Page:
Saturday, January 31, 2015

My Rainbow - seven riveting short stories | Fate by Isha Setia. (Part-I)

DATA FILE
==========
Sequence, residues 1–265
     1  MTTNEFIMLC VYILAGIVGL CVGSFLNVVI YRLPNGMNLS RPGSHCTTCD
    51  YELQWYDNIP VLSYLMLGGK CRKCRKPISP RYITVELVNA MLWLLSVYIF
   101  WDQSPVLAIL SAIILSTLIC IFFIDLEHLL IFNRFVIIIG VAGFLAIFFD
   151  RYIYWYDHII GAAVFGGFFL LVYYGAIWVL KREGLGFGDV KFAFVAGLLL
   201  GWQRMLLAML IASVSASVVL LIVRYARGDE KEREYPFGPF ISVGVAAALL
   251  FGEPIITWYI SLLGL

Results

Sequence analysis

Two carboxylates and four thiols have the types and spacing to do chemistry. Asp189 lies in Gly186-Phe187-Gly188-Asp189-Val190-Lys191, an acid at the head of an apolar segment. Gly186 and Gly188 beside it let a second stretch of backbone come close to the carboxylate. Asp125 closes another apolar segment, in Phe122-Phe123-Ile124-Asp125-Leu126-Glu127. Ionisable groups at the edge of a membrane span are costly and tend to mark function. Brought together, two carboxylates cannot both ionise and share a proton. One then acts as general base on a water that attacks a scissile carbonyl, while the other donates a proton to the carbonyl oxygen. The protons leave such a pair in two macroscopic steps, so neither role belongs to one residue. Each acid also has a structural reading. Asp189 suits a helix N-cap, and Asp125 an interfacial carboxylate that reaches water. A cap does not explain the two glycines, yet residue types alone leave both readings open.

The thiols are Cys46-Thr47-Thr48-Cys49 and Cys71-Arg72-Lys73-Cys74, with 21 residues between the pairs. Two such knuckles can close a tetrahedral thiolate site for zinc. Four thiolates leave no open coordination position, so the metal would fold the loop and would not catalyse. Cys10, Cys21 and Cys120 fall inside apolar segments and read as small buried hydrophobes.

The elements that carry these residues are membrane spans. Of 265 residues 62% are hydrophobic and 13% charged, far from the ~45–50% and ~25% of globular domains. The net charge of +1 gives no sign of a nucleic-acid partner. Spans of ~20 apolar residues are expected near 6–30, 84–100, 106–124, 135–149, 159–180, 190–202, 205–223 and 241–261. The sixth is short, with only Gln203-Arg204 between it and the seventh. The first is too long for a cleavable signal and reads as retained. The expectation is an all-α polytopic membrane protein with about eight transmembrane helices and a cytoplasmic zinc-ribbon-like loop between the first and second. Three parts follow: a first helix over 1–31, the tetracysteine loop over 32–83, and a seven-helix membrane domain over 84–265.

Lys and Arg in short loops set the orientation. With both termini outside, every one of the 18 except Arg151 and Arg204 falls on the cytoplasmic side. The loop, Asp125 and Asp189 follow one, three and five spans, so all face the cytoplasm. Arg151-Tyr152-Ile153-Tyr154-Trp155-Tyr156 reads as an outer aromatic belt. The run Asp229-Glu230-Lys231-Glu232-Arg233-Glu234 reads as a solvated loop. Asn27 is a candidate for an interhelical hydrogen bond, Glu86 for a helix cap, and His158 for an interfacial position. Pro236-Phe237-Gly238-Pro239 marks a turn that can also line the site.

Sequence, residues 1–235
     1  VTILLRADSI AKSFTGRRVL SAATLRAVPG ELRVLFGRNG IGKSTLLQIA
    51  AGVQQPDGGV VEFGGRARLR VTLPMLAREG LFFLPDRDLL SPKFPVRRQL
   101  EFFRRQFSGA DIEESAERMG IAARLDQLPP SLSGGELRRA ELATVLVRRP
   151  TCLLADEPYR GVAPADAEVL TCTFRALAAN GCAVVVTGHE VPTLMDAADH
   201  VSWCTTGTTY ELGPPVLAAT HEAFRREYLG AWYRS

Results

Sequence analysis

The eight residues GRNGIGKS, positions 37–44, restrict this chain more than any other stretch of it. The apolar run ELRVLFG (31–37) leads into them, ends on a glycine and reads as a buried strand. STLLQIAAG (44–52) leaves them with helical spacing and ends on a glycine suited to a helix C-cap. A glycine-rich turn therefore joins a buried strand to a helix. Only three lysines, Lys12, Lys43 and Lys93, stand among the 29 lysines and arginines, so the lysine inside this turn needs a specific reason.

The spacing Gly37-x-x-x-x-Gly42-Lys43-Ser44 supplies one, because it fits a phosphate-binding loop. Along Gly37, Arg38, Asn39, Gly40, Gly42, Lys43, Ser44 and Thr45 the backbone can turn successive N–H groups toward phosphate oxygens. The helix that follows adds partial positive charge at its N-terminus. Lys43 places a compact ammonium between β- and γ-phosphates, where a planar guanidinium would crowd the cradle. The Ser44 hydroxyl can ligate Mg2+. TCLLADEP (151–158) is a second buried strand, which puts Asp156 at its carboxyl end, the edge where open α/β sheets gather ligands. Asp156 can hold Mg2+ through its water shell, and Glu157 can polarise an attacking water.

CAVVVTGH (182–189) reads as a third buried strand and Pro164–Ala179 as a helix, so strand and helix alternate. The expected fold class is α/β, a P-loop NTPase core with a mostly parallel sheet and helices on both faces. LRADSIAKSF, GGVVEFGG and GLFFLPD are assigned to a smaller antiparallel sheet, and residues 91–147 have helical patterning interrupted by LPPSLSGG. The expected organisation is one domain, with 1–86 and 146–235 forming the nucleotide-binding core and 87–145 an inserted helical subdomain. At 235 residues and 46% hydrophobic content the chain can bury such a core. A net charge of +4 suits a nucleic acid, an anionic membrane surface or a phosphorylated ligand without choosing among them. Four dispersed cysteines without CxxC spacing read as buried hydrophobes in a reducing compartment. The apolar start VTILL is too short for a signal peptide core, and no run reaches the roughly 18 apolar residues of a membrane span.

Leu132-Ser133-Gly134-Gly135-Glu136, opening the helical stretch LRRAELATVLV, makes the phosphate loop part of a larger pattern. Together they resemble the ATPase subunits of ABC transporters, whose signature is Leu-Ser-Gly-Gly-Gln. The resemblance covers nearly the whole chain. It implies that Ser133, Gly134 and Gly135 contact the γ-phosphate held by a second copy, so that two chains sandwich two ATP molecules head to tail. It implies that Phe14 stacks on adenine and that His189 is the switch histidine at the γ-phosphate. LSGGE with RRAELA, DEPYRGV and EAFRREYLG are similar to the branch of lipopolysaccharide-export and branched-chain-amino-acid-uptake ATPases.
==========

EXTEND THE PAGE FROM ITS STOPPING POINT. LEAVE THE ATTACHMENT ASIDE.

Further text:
This is the story of a sixteen-year-old girl from Daltonganj (dal = pulse = heartbeat of whole universe, the base of spiritual consciousness, heart of divinity; the center of the cosmos = the world's spiritual powerhouse = Shambhala aka Kailasha?) in Bihar's (Mithila?) Palamau (sweetheart? foster parent? venom-tainted blood/Vishkanya? Vishahara: mist-dispelling, dispelling the 'fog' of tamasic aspects? mau = honey or honeybee?) district, nestled in the forgotten foothills (Vishnupadagiri – an allusion to VasukiNaga who is shown sitting at the feet of Vishnu? Forgotten = Bhola (an epithet for Shiva?) SarasvatI, the forgotten river? The story about Siddhartha Gautama deserting two-year-old son (Rahula) and Yashodhara (spouse) in the service of a greater cause? (Yasodhara = Yesu/Jishu/Jishnu?) The story is somewhat reminiscent of the Kunti-Suryadeva story; wherein foster parents brought up their son (Karna). Is this Karna an allegory for large (elephant) ears implying good listening skills? (Suryadeva = Ganesha?) Is the Dushyant-Shakuntala story [also] applicable, wherein (after their Gandharva-Vivaah) once Dushyant returned to his kingdom, he was unable to remember/recollect anything about Shakuntala?) of the Chhotanagpur plateau in the south. It is a blink (palak, eyelashes, moment, second, Kshan, Kushan?) of an eye (aksa, dice in general in Sanskrit are known as aksa, kanha - sightless/visually-impaired?) from the Betla (bet, as in a game of dice?) forest (vaan, Vrindavaan?) and its world famous tigers. (Jagadhatri/Durga? Shiva is shown clad in tiger-skin.) Daltonganj is also the gateway (dvara, Dvarka?) to the hill resort (Mt. Meru or Mandar Parvat supported on the back of the kurma(tortoise)-avatar - the second avatar of the Dasavataar?) of Netarhat (net = allusion to matsya-kanya Satyavati? tar = kali or ghanshyam? neta = leader or ruler, hat = market: where world meets, or crown, implying Prajapati (honorific for Brahma, the Creator), Daksha Prajapati (father of Dakshayani Sati/Parvati, aksa = eye, dice, skilled) or the crown chakra/Sahasrara - the 7th chakra, the highest chakra, possibly implying Jyotirlingam? BG 10.23: || meruh sikharinam aham || ~ "and of mountains I am Meru" or "I am the very pinnacle of Meru"), its thick forests (thick = heavyset or emotionally hardened [thick skin = metaphoric (rhinoceros-like) armour or chest fat or psoriasis], forest/jungli = coarse/unsophisticated/uncouth: a heavyset, emotionally hardened/shameless, uncouth person? Shravana? Ravana? Shravaan = to listen attentively, to keep the ears peeled = a stealthy meddlesome snoop = Karna? Ungli = Angulimala?), monstrous rain (varsha, flood) and breathtaking sunrises (Savitr = the sun, which is emblematic of positive aspects, can also symbolise a fresh epoch/maha-yuga; Savitri = SarasvatI, the embodiment/personification of the sun = dispeller of darkness/ignorance) and sunsets (shyam, dusk - implying fadeout of a maha-yuga, a cosmic or time cycle of four phases).